Hopes, Dreams, Survival


Last night, I re-read this quote on the header for a new Tumblr, Sharing Hopes and Dreams, created by the National Network of Abortion Funds in honor of the third anniversary of Dr. George Tiller’s assassination.

I clicked to this in the midst of an evening jamming session (the strawberry kind, not the music kind). I thought: I am living my dream. I stirred the strawberries, lemon juice and balsamic vinegar. I enjoyed the company of my teens (you read that right, a pleasant evening). I let the third grader stay up to play chess on the computer. I’d returned from a meeting at the cooperative preschool where a group of determined, smart, hopeful adults are cooperatively endeavoring to solve a problem.

This is to say that plain old my life is my dream.

I’d have completely different dreams had I become a parent somewhere before the end of my first year of college that wouldn’t have been my first year at college, or at least not the college I’d dreamed of and planned to attend. You can say, rightly, my hopes and dreams would have changed. And they could have been, would have been great hopes and dreams. I know this, in my case (in very large part, because my family would have supported me and had the means to do so). But I don’t want anyone to presume it’s okay that I, as a young woman, should have had to change my dreams because I couldn’t opt for an abortion.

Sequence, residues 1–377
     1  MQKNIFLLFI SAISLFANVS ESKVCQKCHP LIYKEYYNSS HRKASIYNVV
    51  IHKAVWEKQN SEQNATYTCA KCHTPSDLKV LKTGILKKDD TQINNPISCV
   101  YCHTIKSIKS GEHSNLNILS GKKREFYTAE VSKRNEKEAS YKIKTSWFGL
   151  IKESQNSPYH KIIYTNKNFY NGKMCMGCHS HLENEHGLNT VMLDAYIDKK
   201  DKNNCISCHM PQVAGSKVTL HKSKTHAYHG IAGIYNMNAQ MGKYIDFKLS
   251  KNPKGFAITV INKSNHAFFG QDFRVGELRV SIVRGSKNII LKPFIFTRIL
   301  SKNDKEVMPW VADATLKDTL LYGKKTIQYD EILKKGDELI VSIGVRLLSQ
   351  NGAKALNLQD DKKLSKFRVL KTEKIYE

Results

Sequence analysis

That’s why I can say the jam my kids put on their toast is a sweet homage to Dr. Tiller’s valiant contribution to women’s equality, and as he said, our survival.


What the National Network of Abortion Funds often focuses upon is this: that women come to the 100+ funds in desperation, because the financial realities of obtaining an abortion require these impossible choices, like rent or an abortion or food or an abortion. It’s a sudden, unexpected expense. In Massachusetts, there’s a bill proposed to require paid sick time for all workers. The reality is women predominantly care for sick children and sick parents (and other family members, too). Without paid sick time, the financial realities require similarly impossible decisions between caring for a sick child and keeping a job.

Quite honestly, it should not have to be a dream to work and care for one’s loved ones. That should simply be an attainable goal, one our society supports because it’s better for us all.

Sarah Werthan Buttenwieser

Author: Sarah Werthan Buttenwieser

Sarah Werthan Buttenwieser's work has appeared on the New York Times, Salon, and the Manifest Station amongst other places. Find her on Twitter @standshadows

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